Just a few days ago, Stavros did a great writeup on how conducting airborne operations in the Third World, with some of our partners and allies who aren’t very well trained, can be… interesting. Many of these soldiers had never even been around aircraft before joining the military, and most of those on their first jump were also making their first aircraft flight.
But there were even times when conducting airborne operations of our own, using U.S. Air Force aircraft, things could get downright interesting — and we could even come into contact with aliens.
Many moons ago, our Special Forces A-Team in the 7th SFG(A) was getting ready to conduct a long UW exercise. Our team leader, a new Captain, had arranged to get us about a 60-man “guerrilla force” consisting of Army clerks and typists who we had as our own for about three weeks.
Our O&I (operations and intel) sergeant used to be a Robin Sage instructor and had a ton of contacts out in the area where the students did their final exercise and they agreed to roleplay as our auxiliary. We even had a large farmer’s field, which was just getting ready to be plowed, for our drop zone. Some Air Force CCT buds surveyed the DZ and we were good to go. An MC-130 Combat Talon and a tailgate jump would be the way into our AO.
We rigged up a door bundle and everyone packed their rucksacks with about 100 pounds of lightweight BS that we always carried. We waddled to the aircraft at about 2200 on the night of infill looking like the Michelin man. Our crew was going to do some flying nap-of-the-earth (NOE) once we got out to the area so that the Air Force crew would also get some training in.
Flying NOE is something all SF guys have done numerous times but it always gets the blood flowing. For those of our readers who have never got to experience it, picture if you will (tip of the cap to Rod Serling), a roller coaster with no rails but going about 150 miles an hour faster than a regular one — and with four engines roaring. It is something that will hold your attention for sure.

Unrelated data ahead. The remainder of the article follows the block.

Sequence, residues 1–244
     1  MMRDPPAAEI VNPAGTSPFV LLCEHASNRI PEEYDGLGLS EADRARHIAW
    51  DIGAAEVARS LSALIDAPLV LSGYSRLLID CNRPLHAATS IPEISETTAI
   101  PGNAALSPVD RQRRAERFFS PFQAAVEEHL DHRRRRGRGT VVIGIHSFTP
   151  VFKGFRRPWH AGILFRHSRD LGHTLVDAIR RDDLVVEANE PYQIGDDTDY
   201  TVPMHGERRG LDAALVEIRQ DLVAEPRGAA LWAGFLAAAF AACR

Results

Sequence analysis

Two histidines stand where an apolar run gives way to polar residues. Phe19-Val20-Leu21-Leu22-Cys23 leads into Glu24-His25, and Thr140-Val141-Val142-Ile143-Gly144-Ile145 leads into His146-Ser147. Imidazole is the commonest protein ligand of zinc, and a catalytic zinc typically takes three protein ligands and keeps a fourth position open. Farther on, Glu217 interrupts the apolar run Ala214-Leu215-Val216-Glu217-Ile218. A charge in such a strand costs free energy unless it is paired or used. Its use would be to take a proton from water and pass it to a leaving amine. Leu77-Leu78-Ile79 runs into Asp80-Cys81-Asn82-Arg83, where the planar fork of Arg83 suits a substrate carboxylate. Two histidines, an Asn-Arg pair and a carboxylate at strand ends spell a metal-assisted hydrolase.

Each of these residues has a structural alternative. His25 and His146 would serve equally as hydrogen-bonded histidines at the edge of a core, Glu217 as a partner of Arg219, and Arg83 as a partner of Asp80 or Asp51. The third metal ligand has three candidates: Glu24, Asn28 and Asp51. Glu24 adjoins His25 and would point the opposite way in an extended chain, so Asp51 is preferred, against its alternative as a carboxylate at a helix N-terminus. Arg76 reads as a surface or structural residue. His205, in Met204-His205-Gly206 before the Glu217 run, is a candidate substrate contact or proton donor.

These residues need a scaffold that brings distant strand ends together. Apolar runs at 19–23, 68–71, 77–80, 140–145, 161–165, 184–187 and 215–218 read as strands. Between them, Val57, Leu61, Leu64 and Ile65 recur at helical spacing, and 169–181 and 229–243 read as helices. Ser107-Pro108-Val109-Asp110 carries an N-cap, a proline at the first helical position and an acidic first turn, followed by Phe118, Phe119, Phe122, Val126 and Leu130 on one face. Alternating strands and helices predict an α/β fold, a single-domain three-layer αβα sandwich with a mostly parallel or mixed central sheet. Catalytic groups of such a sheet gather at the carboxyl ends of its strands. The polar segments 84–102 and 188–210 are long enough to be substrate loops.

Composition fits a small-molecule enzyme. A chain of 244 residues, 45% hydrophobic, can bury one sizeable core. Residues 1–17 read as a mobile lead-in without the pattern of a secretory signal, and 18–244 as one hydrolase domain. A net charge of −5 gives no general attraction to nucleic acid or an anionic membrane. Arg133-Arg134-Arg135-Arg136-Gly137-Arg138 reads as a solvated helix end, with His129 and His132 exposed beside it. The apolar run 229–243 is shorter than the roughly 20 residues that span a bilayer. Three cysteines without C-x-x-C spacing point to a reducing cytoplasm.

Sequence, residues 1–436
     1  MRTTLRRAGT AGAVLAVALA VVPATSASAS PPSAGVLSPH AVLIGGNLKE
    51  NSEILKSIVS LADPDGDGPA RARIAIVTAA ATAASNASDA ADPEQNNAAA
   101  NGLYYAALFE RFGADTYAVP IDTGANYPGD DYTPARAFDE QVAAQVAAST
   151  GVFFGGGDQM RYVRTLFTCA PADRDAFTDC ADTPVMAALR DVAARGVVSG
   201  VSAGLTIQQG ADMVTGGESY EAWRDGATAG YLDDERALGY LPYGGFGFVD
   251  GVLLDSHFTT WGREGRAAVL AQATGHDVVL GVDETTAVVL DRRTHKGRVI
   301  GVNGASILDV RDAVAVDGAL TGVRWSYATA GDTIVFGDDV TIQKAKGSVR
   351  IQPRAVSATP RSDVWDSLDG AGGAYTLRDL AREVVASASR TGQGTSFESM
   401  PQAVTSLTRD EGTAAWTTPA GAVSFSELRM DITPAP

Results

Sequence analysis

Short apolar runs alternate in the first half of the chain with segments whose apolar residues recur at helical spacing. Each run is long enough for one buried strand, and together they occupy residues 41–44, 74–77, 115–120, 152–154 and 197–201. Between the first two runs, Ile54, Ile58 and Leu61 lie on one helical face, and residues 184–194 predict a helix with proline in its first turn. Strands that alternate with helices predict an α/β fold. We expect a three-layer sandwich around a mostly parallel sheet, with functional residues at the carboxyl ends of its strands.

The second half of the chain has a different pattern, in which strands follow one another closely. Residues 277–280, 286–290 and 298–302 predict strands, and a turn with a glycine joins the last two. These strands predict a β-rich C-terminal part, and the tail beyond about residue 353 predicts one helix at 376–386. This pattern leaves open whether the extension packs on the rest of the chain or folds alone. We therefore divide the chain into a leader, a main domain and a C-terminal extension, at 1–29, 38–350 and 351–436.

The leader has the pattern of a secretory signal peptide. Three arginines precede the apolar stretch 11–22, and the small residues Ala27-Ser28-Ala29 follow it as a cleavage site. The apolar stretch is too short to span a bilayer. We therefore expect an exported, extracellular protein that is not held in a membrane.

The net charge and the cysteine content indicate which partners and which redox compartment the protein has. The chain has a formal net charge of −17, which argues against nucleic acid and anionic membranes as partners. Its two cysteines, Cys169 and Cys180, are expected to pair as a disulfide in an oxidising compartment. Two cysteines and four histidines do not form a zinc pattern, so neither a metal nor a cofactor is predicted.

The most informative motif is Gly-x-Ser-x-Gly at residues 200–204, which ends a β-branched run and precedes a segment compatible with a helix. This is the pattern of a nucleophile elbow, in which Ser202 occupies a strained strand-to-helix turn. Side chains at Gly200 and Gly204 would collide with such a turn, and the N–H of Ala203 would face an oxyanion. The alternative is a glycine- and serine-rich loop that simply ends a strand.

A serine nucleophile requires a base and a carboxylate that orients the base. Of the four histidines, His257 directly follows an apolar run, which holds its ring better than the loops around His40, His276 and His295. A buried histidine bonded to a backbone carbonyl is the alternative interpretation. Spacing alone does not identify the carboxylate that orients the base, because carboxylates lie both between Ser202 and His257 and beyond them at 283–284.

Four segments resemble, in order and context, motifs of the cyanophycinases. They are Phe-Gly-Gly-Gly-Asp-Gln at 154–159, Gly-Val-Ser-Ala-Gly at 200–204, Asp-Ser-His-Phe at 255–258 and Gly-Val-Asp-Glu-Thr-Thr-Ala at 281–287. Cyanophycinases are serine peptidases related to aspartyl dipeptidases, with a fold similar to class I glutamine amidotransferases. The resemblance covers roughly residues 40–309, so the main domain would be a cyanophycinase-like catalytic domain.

So we did about an hour of twisting, turning, gut-wrenching flying before the awesome pilots of the C-130 began to level off. We then went through our normal jump procedures and the tailgate was downed with the red glow of the interior lights bathing everything. The team was gathering near the tailgate, but our team sergeant was shaking his head. He couldn’t see the drop zone. We weren’t over the DZ — and remember this was a blind drop, there were no lights or panels on the DZ.
We made a race track, then another, and after a few minutes, our legs felt like lead. One more try. The loadmaster from the aircraft was talking on the intercom with the pilots and then yelled in my ear, as I was the #1 jumper, “watch this!” We crossed over the top of a mountain and about 50 feet off the deck, we could see a farmhouse, with all the lights burning, and the owner at his pickup truck; we were that close to the ground. Then we were over the valley and straight ahead was the DZ.
The jump went perfectly. I was drifting toward the trees but turned and landed about 50 feet inside the freshly plowed farmer’s field. It was as soft as any landing I ever had. I gathered up my gear, rolled up my chute and went to the leading edge of the DZ, less than 75 meters away. Our Team Daddy did a great job. We had a vehicle waiting for the chutes from the unit. The sergeant from the rigger shed had an ice-cold bottle of Gatorade and he offered it to me. “Thanks, Sarge, much appreciated.”